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Friday, Dec 19th

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Ebola cannot be cured but west Africa's epidemic may have been preventable

ebolaThe role of the international community in current crises in the Central African Republic and northern Nigeria may be mired in confusion, but it can do something about the Ebola epidemic in west Africa.

The outbreak of the virus, which started in Guinea and has spread to Liberia and Sierra Leone, is the deadliest in recorded history, with Médecins sans Frontières (MSF) and the World Health Organisation (WHO) declaring the situation out of control.

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Hobby Lobby verdict overlooks the science on pregnancy, experts say

Plan BA Supreme Court ruling in favor of allowing companies to opt out of providing female employees some forms of birth control — such as the morning-after pill and certain IUDs — has allowed religious employers to “redefine” pregnancy in a way that flies in the face of the established science of conception, reproductive health experts say.

The company that brought the suit, Hobby Lobby, argued that using these types of contraceptives is tantamount to having an abortion, and, citing religious beliefs against terminations, wanted to opt out of the provision of the Affordable Care Act that requires companies to cover preventive services like contraceptives.

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Study: Red meat possibly linked to breast cancer

red meatWomen who often indulge their cravings for hamburgers, steaks and other red meat may have a slightly higher risk of breast cancer, a new study suggests.

Doctors have long warned that a diet loaded with red meat is linked to cancers including those of the colon and pancreas, but there has been less evidence for its role in breast cancer.

In the new study, researchers at Harvard University analyzed data from more than 88,000 women aged 26 to 45 who had filled in surveys in 1991. Their red meat intake varied from never or less than once a month, to six or more servings a day.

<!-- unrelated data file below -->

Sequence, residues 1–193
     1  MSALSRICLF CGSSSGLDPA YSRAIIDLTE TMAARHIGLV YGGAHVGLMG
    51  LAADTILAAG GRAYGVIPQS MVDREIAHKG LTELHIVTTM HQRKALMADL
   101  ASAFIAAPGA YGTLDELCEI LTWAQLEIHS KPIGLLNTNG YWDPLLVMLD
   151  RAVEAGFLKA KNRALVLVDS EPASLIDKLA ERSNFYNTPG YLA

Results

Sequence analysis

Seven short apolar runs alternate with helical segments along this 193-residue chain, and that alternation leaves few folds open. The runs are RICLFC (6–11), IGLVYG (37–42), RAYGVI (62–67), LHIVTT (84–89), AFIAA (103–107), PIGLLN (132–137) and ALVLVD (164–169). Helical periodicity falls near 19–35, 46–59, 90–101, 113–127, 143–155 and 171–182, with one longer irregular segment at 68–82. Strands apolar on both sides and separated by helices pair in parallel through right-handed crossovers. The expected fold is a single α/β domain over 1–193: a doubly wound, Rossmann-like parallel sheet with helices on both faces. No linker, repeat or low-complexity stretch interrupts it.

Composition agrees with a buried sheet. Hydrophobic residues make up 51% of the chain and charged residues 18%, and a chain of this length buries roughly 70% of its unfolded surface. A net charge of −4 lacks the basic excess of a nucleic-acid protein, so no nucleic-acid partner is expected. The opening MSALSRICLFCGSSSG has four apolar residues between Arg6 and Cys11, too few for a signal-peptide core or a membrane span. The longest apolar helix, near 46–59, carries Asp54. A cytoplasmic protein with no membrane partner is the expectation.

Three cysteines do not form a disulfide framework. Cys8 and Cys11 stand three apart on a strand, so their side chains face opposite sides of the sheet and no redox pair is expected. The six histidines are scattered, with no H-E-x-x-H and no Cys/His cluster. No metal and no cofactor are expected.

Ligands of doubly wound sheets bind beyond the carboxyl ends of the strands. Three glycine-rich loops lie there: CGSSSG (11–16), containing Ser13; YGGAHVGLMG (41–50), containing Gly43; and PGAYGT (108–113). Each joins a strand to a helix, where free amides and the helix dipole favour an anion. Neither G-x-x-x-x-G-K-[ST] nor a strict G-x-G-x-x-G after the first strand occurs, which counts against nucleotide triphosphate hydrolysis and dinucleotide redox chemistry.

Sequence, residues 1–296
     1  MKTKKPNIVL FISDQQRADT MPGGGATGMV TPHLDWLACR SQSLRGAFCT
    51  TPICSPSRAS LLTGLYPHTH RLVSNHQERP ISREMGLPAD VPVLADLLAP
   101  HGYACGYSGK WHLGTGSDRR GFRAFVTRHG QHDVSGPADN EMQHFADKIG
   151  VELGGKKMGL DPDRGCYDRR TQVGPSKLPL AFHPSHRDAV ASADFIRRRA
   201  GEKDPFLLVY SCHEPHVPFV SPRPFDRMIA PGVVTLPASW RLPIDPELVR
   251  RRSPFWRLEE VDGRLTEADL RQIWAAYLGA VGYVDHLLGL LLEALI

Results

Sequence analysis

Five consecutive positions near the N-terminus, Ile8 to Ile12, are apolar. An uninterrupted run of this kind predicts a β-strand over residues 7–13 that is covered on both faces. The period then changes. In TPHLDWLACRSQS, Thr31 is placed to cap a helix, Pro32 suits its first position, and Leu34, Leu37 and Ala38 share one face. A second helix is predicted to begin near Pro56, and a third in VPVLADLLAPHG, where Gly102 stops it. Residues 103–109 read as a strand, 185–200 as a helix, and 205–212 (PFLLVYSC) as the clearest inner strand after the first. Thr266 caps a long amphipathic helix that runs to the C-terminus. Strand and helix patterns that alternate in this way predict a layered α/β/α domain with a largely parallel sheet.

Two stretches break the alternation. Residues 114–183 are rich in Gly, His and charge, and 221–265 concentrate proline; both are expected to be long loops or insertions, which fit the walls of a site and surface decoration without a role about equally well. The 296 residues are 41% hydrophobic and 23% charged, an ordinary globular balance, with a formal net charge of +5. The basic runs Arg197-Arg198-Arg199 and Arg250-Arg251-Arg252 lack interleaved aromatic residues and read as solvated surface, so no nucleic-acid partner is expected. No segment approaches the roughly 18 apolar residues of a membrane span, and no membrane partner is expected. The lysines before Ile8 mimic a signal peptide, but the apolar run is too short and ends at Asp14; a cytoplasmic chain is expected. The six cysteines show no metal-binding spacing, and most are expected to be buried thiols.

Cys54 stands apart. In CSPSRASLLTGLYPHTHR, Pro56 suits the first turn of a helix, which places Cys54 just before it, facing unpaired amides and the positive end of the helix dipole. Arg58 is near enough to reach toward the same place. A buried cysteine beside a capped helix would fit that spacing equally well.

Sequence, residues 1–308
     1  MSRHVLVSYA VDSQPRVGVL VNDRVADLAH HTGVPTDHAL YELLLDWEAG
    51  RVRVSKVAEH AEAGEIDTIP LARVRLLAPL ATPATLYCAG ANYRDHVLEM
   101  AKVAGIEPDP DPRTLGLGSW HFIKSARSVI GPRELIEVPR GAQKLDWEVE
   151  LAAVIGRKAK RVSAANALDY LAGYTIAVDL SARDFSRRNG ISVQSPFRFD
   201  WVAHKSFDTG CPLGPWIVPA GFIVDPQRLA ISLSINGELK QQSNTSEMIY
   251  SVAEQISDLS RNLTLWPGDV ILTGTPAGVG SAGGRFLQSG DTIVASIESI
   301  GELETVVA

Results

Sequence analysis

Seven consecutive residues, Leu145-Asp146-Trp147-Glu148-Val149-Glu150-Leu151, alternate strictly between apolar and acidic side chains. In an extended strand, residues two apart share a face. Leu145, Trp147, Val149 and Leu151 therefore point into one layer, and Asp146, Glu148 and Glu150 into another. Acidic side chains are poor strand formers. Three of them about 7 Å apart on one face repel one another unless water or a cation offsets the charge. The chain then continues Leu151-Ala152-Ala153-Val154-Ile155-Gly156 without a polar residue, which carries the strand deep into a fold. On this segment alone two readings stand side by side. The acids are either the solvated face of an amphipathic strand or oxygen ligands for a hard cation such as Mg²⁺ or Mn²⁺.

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Study links pollution to autism, schizophrenia

Pollution linked to autismTiny bits of air pollution may irritate very young brains enough to cause problems, according to a study published in the journal Environmental Health Perspectives.

When mice younger than 2 weeks old were exposed to very small particles of pollutants, their brains showed damage that is consistent with brain changes in humans with autism and schizophrenia. That's not to say air pollution causes either one, said Deborah Cory-Slechta, professor of environmental medicine at the University of Rochester Medical Center and lead researcher in the study published Friday.

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Trial Drug Reverses Alzheimer’s Disease in Mice

lab miceA drug in early animal trials has shown promising results, appearing to reverse the symptoms of Alzheimer’s disease in mice.

Additionally, in mice, the treatment reduced inflammation in parts of the brain that are associated with memory and learning, according to a study led by Susan Farr of Saint Louis University School of Medicine, published in the Journal of Alzheimer’s Disease.

The mice were engineered to produce a mutant form of human beta amyloid, one of the proteins associated with Alzheimer’s disease. In a previous study, the researchers had tested mice that naturally overproduced mouse beta amyloid; this step was to see if the drug would work with the human version. Both types of mice showed impaired learning as they aged, much like humans with Alzheimer’s disease.

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E-cigarettes boost quitting success among smokers, study finds

e-cigarettesSmokers trying to quit are 60 percent more likely to report success if they switch to e-cigarettes than if they use nicotine products like patches or gum, or just willpower, scientists said on Tuesday.

Presenting findings from a study of almost 6,000 smokers over five years, the researchers said the results suggest e-cigarettes could play an important role in reducing smoking rates and hence cutting tobacco-related deaths and illnesses.

As well as causing lung cancer and other chronic respiratory diseases, tobacco smoking is also a major contributor to cardiovascular diseases, the world's number one killer.

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Drug can reduce HIV infection rates by more than 90 percent

HIV medicationNew guidelines published by the Centers for Disease Control and Prevention in Atlanta recommend daily drug therapy for people who are at high risk for contracting HIV.

The U.S. Public Health Service recommends doctors evaluate their male and female patients who are sexually active and at high risk of contracting human immunodeficiency virus or who are injecting illicit drugs, and consider offering Pre-Exposure Prophylaxis for HIV Prevention as a prevention option.

The federal guidelines recommend PrEP be considered for those who are HIV-negative, but at substantial risk for HIV, such as a person who is in an ongoing relationship with an HIV-positive partner, or heterosexual people who do not regularly use condoms during sex with partners of unknown HIV status.

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